Iridescent - posted on 03/27/2011

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I haven't hidden it, but it's been a really hard winter on me. There are only a couple places I talk about it.

Jane - posted on 03/27/2011

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I've been through both and honestly, I prefer the quick and over method HOWEVER not if it was a tragic ending.

What I mean is that my dad died suddenly of a heart attack when I was 17 years old (I'm 52 now) and while it was hard, I knew my dad loved me and I had no regrets. He went quick and peacefully. My grandmother and my brother both died of cancer (different kinds and obviously my gram was old - 85 and my brother was only 49) and it was so hard to see them suffer like that. IT SUCKED as a matter of fact. Yeah, I got to say goodbye to both but honestly, I was so wishing it would just be over for them.

Iridescent - posted on 03/27/2011

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I can see both views. My FIL had a heart attack and died about 5 years ago. They continued CPR even after we knew he was gone for over 2 hours, so his children would all have time to say goodbye. It was horrifying. Even though it's been so long, I was so sure last week I saw him when we were getting groceries that I stopped and my jaw hit the floor. I KNEW it wasn't him, but I was so sure when I first saw the guy...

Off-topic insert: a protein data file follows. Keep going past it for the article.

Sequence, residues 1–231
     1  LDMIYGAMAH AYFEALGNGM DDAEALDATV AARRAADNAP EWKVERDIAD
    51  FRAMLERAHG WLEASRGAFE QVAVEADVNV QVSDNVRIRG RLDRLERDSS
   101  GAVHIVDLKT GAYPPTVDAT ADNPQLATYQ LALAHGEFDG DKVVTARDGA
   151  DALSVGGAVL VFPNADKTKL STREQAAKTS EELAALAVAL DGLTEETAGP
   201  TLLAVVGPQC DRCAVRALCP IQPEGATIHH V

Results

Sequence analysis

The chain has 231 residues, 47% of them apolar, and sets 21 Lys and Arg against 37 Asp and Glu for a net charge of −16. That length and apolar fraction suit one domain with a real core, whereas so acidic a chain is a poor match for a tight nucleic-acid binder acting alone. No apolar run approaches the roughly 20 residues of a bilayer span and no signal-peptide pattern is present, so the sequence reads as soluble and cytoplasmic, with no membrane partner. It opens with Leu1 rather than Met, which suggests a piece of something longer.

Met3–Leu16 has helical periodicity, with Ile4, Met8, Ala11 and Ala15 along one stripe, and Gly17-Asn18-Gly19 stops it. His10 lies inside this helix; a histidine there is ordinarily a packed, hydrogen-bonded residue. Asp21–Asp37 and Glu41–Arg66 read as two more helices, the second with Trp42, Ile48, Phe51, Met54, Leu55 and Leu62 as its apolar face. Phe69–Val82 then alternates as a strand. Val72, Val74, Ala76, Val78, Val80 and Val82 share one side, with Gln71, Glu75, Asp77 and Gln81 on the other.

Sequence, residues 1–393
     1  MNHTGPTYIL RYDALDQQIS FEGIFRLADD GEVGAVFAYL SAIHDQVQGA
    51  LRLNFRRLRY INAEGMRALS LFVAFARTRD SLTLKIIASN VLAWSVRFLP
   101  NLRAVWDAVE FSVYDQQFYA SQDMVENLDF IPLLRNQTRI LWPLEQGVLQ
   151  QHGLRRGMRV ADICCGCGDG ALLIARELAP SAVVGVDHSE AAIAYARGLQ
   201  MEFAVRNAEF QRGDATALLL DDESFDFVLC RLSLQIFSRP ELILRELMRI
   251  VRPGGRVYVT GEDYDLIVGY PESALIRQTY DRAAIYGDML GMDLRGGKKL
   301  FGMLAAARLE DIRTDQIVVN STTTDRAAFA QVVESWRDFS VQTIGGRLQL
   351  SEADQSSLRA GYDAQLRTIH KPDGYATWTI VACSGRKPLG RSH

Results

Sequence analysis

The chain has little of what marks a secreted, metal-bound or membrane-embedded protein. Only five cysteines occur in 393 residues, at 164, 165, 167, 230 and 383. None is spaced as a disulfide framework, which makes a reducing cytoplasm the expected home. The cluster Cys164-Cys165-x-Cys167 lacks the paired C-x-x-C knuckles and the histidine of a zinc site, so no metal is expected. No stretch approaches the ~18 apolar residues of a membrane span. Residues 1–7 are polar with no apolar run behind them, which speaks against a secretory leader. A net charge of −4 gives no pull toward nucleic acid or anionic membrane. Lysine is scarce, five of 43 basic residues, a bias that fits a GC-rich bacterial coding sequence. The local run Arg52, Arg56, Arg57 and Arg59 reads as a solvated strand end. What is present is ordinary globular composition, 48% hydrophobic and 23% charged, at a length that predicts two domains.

I think whether it's sudden or not, it's hard. We were told our youngest daughter wasn't likely to get to 5 years old. Chances are not good for it, anyway. We hope, but it's hard to keep hoping when you go to the doctor 2-3 times most weeks and the news keeps getting worse, and the problems she has keep getting harder to cope with, and the medical interventions keep getting more and more. I don't want to accept this. It's a lifetime of torture, but it's one I can't give up on. Would I prefer she seem healthy for the same years we'd have with her, and an accident happens to take her from us at the same age she will go from this? No, I'd never wish that. But I'd like to be able to forget what we know and just be a normal healthy family, and not worry so much or feel so heartbroken any time her health changes. I'd like to be able to enjoy her as a little girl more, and forget all the medical things we can't forget that keep her with us.